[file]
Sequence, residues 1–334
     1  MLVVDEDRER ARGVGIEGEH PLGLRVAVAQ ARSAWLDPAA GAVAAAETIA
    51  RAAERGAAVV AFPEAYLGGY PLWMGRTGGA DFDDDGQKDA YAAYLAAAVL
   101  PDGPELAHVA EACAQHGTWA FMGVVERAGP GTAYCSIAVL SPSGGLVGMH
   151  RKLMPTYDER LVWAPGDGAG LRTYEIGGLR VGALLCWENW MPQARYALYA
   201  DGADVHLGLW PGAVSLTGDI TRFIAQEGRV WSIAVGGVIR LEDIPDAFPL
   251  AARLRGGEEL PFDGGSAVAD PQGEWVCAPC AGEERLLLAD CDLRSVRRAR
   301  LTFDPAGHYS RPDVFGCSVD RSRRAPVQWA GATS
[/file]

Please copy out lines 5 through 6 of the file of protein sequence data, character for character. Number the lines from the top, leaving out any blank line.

   151  RKLMPTYDER LVWAPGDGAG LRTYEIGGLR VGALLCWENW MPQARYALYA
   201  DGADVHLGLW PGAVSLTGDI TRFIAQEGRV WSIAVGGVIR LEDIPDAFPL